Self-organization in the enterprise context is self-management, and self-management is primarily the management of decision-making. There is no self-management without decision making. Self-management IS decision-making.
Decision-making is engaging. As more and more engagement is created, more and more of the “cognitive capacity” of the group becomes dedicated and focused on the work at hand. All of the KPI (key performance indicator) measures tend to improve when levels of engagement improve. Results and engagement are correlated. You cannot have one without the other.
This means the central concern of the executives (and the coaches they hire) must be the question of how to raise levels of employee engagement. This is the central concern. All other concerns are secondary.
The primary way to get more engagement is create more opportunities for employees and teams to be making decisions that affect them directly. As it turns out, making decisions is very engaging.
The Gallup polling organization issues a report every year that the workforce is about 20 to 25 percent engaged while at work. This is the same as saying that 75 percent of the payroll expense is a complete waste. That money is up in smoke. Poof. Gone. Raising the level of engagement at your company might be worth tens of millions of dollars per year in new productivity. Engagement and productivity are correlated.
The primary way to raise engagement levels is to do three very specific things:
- Very clearly define what decisions the teams are authorized to make. Be blunt and very clear and specific about this.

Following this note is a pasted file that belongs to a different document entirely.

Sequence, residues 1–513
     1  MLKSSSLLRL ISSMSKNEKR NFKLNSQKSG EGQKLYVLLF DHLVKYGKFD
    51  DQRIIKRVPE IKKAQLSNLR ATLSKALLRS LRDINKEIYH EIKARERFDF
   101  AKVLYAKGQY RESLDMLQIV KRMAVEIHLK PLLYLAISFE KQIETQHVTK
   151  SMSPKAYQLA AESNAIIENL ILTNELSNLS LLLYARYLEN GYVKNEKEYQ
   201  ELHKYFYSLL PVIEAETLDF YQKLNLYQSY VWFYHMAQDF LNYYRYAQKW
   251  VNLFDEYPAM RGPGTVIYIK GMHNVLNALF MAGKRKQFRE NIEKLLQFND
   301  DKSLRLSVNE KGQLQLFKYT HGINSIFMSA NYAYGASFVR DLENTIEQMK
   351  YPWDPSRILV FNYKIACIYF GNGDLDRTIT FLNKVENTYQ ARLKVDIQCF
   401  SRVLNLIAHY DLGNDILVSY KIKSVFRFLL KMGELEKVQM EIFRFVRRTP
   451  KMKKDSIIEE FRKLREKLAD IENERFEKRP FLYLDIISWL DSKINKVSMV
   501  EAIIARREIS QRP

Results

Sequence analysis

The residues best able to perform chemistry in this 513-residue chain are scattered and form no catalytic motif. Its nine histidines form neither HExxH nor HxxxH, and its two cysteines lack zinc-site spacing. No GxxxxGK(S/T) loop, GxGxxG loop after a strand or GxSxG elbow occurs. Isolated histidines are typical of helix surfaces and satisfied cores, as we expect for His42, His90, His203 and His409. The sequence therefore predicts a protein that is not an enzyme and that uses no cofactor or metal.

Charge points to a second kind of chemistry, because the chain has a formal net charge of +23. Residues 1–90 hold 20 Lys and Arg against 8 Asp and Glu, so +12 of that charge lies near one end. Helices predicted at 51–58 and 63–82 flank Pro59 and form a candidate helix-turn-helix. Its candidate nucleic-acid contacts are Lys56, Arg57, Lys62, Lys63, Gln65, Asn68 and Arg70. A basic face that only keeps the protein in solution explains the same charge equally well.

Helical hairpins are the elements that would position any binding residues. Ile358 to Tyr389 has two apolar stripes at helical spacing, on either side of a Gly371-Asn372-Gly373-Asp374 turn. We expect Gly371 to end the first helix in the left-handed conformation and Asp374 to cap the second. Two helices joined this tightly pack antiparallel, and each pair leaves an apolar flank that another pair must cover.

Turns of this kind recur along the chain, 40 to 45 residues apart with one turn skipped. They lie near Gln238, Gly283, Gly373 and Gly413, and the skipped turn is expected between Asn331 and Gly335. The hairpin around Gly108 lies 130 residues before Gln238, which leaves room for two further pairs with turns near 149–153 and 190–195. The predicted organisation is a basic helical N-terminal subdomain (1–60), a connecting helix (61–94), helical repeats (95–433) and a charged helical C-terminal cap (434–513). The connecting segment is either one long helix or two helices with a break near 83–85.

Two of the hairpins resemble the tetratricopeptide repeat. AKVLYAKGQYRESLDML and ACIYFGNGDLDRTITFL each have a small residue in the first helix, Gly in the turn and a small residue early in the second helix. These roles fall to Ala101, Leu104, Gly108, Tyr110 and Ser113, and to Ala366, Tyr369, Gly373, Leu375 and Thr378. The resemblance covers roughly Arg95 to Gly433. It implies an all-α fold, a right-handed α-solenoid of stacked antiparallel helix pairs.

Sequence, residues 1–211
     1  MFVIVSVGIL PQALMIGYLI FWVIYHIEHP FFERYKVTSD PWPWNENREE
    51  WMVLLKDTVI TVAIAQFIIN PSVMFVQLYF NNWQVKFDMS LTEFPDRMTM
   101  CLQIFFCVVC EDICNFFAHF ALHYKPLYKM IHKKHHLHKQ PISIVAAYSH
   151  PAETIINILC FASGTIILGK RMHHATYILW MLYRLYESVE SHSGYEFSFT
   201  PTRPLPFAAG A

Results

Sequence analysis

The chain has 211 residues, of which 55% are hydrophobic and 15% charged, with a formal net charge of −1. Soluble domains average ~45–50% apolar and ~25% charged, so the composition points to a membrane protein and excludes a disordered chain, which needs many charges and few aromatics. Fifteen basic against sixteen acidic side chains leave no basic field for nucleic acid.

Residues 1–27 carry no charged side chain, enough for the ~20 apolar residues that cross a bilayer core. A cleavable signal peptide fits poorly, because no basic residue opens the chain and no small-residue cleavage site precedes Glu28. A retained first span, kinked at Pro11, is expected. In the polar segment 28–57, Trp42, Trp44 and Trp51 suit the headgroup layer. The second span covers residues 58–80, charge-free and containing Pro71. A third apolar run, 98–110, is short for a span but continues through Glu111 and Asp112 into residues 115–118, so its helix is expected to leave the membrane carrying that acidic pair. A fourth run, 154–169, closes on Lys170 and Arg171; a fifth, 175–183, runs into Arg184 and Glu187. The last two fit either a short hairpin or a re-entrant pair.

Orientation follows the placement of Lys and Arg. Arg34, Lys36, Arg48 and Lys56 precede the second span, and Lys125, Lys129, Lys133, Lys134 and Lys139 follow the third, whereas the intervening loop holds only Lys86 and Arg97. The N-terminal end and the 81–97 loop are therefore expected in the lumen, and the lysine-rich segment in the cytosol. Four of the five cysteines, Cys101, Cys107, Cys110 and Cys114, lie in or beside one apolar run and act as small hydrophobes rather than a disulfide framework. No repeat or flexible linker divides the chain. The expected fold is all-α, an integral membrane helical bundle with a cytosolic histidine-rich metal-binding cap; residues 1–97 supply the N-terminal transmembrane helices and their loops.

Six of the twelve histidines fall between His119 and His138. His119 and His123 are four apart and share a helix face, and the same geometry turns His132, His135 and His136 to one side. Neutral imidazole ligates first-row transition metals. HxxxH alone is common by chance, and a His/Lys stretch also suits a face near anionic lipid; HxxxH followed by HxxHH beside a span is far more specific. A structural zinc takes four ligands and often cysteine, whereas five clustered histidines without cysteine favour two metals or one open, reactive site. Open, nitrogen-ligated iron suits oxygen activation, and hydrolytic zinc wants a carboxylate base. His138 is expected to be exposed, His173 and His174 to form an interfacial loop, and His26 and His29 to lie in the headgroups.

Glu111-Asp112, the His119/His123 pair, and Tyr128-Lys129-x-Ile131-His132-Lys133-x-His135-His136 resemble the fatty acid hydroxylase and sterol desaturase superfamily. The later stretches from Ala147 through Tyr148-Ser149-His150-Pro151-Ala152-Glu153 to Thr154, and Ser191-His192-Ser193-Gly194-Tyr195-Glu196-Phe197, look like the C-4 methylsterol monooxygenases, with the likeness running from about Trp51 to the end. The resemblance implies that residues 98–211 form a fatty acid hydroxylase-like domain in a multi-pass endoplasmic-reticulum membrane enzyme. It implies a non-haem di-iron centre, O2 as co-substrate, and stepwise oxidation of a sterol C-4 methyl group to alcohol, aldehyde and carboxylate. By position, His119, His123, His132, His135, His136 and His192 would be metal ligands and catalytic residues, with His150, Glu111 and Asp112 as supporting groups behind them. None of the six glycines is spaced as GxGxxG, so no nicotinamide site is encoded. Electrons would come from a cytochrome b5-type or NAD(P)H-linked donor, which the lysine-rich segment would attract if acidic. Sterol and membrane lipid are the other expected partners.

- Always trust them to make those “authorized decisions;” always encourage these decisions and never interfere from outside.
- Whenever and wherever you can, look for spots where you can invite the team to make additional decisions.
Item (1) is easily delivered when everyone in the situation (stakeholders, team, etc) agree to work under the rules of Scrum.
Failure to achieve item (2) is a primary reason why most Scrum implementations have BIG problems. Failure here is the cause of a very common Scrum-implementation problem, namely: executives and stakeholders do not play the Scrum game according to the rules. They routinely override team decisions, or even worse, they authoritatively make all decisions for them. To “help” them. This kind of “leadership” behavior KILLS self-management and engagement. It’s stupid. It works against your goals. Don’t do it. (NOTE: If you are not using Scrum but you have “authorized” teams to make certain very specific decisions, you cannot later interfere, and expect anything good to happen.)
We can push Agile practices on teams without respect for what they think or feel about. This is the standard way “Agile transformations” are “rolled out” today. This is a terrible idea. It does not work. It never did.
Can you see why?
Agile Coaching Lessons:
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